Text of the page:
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co-founder of the National Organization for Women
Betty Naomi Goldstein was born in Peoria, Illinois, on February 4, 1921. Her father was a very successful jeweler; her mother had given up her job with the local newspaper when she got married, and always urged Betty to pursue the journalism career that she had been forced to give up. She graduated summa cum laude from Smith College in 1942 and was given a research fellowship to study psychology as a graduate student at the University of California at Berkeley. She spent a year at Berkeley before deciding she didn't want to go into academia and moved to New York City, where she began working as a freelance journalist. In 1947, Betty married Carl Friedan. Breaking from the then established role for married women, she chose to continue her freelance writing while raising the couple's three children. After Carl established his own advertising agency they moved to Rockland County, New York, and Betty took up the life of a then typical suburban housewife.
In 1957, Friedan sent a questionnaire out to many of her college classmates asking them to comment on how their on-going lives compared with the lives they had hoped to have while in college. Many of the respondents expressed dissatisfaction with their lives, especially regarding the career goals they had been forced to give up in order to get married. Friedan wrote an article based on the responses, but the women's magazines with which she previously worked refused to publish the piece. So, she decided to further her research and publish the results in book form. The Feminine Mystique, published in 1963, identified a condition Friedan claimed women suffered from that was a direct result of society's expectations that they place the home above themselves, and called upon women to shed their domestic confines and discover other meaningful endeavors. The book was an instant success, and over three million copies were ultimately sold.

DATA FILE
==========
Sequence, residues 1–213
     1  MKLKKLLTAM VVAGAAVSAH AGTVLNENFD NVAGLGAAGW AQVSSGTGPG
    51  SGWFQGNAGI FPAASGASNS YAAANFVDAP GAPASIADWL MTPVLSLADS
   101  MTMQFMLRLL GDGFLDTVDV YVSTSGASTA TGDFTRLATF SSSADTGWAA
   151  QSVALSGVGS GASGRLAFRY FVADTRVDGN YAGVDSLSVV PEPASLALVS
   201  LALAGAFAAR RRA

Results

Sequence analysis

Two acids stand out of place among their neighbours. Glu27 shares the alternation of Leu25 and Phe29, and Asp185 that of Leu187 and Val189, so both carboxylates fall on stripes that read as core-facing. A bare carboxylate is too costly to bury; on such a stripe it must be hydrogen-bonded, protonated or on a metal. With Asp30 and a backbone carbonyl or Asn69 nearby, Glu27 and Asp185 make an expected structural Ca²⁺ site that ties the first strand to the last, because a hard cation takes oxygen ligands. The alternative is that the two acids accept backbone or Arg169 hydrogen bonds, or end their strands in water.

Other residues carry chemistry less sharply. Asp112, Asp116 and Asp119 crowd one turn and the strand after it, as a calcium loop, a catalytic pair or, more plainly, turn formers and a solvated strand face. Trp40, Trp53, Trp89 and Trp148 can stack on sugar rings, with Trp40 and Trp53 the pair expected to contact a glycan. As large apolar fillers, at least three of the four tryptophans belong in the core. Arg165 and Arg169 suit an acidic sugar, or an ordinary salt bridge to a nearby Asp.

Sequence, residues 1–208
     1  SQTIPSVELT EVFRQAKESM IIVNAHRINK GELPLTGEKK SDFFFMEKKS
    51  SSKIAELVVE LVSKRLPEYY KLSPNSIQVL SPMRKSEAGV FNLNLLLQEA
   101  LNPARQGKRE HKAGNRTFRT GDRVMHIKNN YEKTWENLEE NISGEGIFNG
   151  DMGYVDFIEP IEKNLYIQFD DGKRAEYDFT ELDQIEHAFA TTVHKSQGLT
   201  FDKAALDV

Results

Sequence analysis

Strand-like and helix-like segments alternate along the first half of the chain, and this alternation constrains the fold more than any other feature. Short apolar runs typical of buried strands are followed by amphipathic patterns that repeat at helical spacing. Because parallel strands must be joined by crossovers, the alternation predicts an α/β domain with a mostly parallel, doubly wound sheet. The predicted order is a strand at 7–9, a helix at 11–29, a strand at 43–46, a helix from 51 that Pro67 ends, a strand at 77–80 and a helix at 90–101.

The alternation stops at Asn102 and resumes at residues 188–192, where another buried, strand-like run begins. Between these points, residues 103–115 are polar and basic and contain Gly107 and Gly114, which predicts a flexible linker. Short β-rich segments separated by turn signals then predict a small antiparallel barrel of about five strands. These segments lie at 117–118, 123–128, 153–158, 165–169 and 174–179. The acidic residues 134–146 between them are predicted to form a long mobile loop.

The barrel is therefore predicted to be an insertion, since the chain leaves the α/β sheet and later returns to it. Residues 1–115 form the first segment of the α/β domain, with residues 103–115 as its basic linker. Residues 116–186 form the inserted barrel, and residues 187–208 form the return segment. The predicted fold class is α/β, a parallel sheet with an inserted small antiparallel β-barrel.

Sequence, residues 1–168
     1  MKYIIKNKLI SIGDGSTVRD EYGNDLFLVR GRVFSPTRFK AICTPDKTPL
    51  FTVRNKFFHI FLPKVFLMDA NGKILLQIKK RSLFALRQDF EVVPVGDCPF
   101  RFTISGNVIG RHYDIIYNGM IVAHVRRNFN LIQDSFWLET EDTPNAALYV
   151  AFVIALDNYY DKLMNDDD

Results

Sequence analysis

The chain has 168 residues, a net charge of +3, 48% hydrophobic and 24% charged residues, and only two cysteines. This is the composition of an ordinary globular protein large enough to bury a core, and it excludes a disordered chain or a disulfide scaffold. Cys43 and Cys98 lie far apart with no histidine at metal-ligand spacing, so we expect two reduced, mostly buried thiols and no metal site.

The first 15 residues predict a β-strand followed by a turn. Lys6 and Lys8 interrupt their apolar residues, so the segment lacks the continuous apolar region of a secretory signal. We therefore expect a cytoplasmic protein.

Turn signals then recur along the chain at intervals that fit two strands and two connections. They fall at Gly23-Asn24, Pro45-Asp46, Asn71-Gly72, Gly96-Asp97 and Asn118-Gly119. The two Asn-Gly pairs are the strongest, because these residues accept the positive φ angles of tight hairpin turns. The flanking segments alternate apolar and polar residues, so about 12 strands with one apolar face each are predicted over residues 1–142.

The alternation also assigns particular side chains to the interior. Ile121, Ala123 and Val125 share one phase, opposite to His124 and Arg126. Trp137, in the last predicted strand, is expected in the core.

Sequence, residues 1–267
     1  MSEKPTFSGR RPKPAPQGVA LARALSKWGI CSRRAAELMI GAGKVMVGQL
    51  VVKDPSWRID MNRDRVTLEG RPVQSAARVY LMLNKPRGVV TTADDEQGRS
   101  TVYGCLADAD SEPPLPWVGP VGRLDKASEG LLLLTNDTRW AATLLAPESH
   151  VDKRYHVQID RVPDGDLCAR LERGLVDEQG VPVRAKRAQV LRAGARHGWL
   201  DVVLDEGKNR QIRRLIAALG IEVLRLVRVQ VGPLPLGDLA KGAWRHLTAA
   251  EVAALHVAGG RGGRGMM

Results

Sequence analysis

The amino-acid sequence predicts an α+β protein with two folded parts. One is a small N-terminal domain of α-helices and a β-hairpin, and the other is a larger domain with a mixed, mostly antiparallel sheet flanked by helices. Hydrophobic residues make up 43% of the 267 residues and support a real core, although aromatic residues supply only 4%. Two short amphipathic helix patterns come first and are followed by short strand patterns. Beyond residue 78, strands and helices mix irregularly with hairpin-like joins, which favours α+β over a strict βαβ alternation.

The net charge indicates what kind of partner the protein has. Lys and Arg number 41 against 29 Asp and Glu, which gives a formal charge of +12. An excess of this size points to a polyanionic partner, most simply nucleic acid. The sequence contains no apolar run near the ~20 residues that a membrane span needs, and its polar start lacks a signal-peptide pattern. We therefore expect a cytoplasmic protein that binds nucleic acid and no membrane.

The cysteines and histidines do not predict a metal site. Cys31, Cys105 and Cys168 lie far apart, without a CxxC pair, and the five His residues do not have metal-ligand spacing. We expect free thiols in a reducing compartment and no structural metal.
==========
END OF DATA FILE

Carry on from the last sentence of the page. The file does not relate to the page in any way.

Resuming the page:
In 1966, Friedan helped found the National Organization for Women, which worked for political reforms to secure women's legal equality. One of NOW's first causes was to call for enforcement of Title VII of the 1964 Civil Rights Act, which prohibits employment discrimination on the basis of sex. As a result of NOW's efforts, the Equal Employment Opportunity Commission (EEOC) ruled that airlines could not fire female flight attendants because they married or reached the age of 35. It also ruled that jobs could no longer be advertised according to male or female categories. NOW also lobbied for passage of the Equal Rights Amendment (unsuccessfully), for federally funded day care centers, and for the legalization of abortion and the preservation of abortion rights. She was also a founder of the National Abortion Rights Action League, and of the National Women's Political Caucus. In 1970, Friedan lobbied against President Richard Nixon's nomination of G. Harrold Carswell to the Supreme Court. In testimony before the Senate Judiciary Committee, she said that, in 1969, Carswell had defied the Civil Rights Act by ruling in favor of the right of employers to deny jobs to women with children. Carswell's nomination was ultimately rejected. At NOW's annual meeting in 1970, Friedan called for a Women's Strike for Equality. On August 26th (the 50th anniversary of the day women gained the right to vote) demonstrations, marches, and speeches were held in 40 major cities across the country. Friedan herself led a parade of over 10,000 down Fifth Avenue in New York City.
As the years went by, Friedan took a less prominent role in NOW and concentrated more of her efforts on writing and teaching. In 1976 she published It Changed My Life: Writings on the Women's Movement, a combination autobiography and compilation of articles. The Second Stage (1981) called for a shift in the women's movement that took the man's role in society into account and urged both sexes to break from past stereotypes. In The Fountain of Age (1993), Friedan argued that the rights already granted to women should be extended to the elderly, especially those regarding fair employment.
Betty Friedan died of heart failure on her 85th birthday, February 4, 2006.
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This page was last updated on June 10, 2018.